US Release Date: 06-29-2012
Directed by: Steven Soderbergh
- Channing Tatum, as
- Magic Mike
- Alex Pettyfer, as
- Cody Horn, as
- Matthew McConaughey, as
- Olivia Munn, as
- Joe Manganiello, as
- Big Dick Richie
- Matt Bomer, as
- Adam Rodriguez, as
- Kevin Nash, as
- Gabriel Iglesias, as
- Mircea Monroe, as
- Ken's Wife
- Riley Keough as
Channing Tatum in Magic Mike.
Not being a fan of Channing Tatum and having no desire to see men take their clothes off makes me the opposite of this movie's target audience. Despite that, I was still expecting something different than what Magic Mike turned out to be. The previews have been playing up the lighter, partying, stripping moments of the film rather than the more dramatic, downer ones.
Rather than glamorizing stripping, it portrays it as a rather depressing situation where the party lifestyle leads to a dead end. It's not a suggestion I disagree with, but simply a case where the marketing of a film seems to be at odds with the finished product.
Tatum plays Mike, the lead dancer at a male strip club owned by Dallas (McConaughey). The other dancers are played by recognizable faces who aren't given much characterization beyond being beefcakes. The only exception to that is Adam, the new guy who Mike brings into the dance troupe after meeting him at his day job tiling roofs.
As Mike and Adam become friends, Mike starts to get a crush on Brooke, Adam's sister. Meanwhile, Adam starts to enjoy the stripper's life, partying hard and sleeping with lots of women. Things take a darker turn when he starts dealing drugs. This leads to a rift between Mike and Brooke because she blames Mike for leading her brother into that lifestyle.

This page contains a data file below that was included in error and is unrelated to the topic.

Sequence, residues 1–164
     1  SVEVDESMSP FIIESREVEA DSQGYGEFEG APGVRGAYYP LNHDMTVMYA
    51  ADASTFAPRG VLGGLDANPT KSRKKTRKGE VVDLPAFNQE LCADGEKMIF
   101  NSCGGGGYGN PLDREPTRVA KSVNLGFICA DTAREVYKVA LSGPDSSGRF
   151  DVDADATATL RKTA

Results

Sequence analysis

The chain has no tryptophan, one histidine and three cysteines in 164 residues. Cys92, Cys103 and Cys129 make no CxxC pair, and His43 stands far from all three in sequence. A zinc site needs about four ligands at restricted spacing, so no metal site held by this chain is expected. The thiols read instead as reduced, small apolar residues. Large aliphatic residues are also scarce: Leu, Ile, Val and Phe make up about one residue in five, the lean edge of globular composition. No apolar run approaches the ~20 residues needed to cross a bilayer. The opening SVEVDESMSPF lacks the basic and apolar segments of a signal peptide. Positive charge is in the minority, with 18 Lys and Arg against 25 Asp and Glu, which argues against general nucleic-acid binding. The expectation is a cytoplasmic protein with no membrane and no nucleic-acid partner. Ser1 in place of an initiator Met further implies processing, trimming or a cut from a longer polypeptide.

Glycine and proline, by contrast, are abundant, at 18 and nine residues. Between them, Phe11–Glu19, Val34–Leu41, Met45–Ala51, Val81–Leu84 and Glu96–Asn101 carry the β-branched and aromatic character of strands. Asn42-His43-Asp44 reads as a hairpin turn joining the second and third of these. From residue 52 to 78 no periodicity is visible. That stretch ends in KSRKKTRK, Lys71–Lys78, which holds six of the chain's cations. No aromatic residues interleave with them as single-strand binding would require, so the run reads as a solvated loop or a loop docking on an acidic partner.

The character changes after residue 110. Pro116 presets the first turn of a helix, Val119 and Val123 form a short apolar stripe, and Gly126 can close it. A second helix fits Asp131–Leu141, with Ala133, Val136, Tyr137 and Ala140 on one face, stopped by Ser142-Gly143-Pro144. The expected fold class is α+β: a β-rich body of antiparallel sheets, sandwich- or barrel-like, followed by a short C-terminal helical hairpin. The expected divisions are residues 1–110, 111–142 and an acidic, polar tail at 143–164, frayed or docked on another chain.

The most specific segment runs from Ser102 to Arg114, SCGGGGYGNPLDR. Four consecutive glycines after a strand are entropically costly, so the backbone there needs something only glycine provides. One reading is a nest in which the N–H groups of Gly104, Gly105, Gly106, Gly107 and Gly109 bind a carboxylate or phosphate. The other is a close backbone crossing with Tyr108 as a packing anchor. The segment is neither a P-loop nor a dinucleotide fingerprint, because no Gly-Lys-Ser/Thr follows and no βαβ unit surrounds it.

Although I clearly wasn't getting the enjoyment out of the scenes of the men on stage as many of the women in the theater were, I will still admit that these are the best scenes in the movie. They are not only well filmed, but they and the scenes backstage are the lightest and most energetic moments in the whole movie.
Everything that happens outside the club is pure soap opera. The relationship between Brooke and Mike seems to drag on forever. Tatum and Horn are both attractive people, but neither one of them is likely to win any acting awards. Some of their longer dialogue scenes feel very wooden. The movie has a running time of nearly 2 hours, but feels even longer.
People who actively want to see this movie, unlike me who just sees everything, obviously want to see it for one reason and that's to see a bunch of hot guys get their kit off. Women don't go to strip clubs because they want to hear about what a bad day the stripper had and I don't think that's why women or gay men want to see this movie. If they want to see Tatum in a romantic movie they can go rent The Vow.
If you do want to watch this movie as a chance to see Tatum strip, you might as well wait for it on DVD. That way you can just fast forward through all of the scenes where he isn't on stage.
Channing Tatum and Matthew McConaughey in Magic Mike.
I am likewise not a fan of Channing Tatum but I do enjoy male strippers, therefore it should come as no surprise that I liked this movie more than Scott did. I agree, though, that Tatum and Horn both lack the acting chops to pull off the more dramatic scenes. During one big confrontation between them near the end of the movie it almost seems as if Tatum can't get his lines right but that Soderbergh left the scene in anyway because the character Magic Mike would likely get confused while trying to form simple sentences anyway.
Like my brother I wish they had focused more on the strip club performances and backstage goings on. These scenes are definitely the movie's highpoint. Tatum may not be a great actor but his body is sick (in a good way) and he shows off some respectable dance moves. The fact that he spent time stripping in real life before making it big, shows. The other strippers (even the eye-popping Joe Manganiello as the aptly named Big Dick Richie) all pale in comparison to Magic Mike. Clearly he's the star of the show.
I get Scott's point that the movie could have been more fun and the trailer did make it look a bit more lighthearted. The scene where they dress as cops and strip at a sorority house party is a good example. The preview showed it as a joke but the actual scene is much darker.